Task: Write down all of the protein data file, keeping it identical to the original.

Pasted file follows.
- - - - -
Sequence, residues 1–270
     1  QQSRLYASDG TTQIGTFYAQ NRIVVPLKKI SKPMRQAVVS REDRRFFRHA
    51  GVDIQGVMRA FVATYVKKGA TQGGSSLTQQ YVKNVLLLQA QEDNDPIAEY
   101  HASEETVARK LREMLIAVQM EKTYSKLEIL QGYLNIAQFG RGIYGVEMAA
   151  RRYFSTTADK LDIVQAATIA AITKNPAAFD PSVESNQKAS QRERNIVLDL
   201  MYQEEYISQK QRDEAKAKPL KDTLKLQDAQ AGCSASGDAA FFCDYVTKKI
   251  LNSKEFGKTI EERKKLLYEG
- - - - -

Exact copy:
Sequence, residues 1–270
     1  QQSRLYASDG TTQIGTFYAQ NRIVVPLKKI SKPMRQAVVS REDRRFFRHA
    51  GVDIQGVMRA FVATYVKKGA TQGGSSLTQQ YVKNVLLLQA QEDNDPIAEY
   101  HASEETVARK LREMLIAVQM EKTYSKLEIL QGYLNIAQFG RGIYGVEMAA
   151  RRYFSTTADK LDIVQAATIA AITKNPAAFD PSVESNQKAS QRERNIVLDL
   201  MYQEEYISQK QRDEAKAKPL KDTLKLQDAQ AGCSASGDAA FFCDYVTKKI
   251  LNSKEFGKTI EERKKLLYEG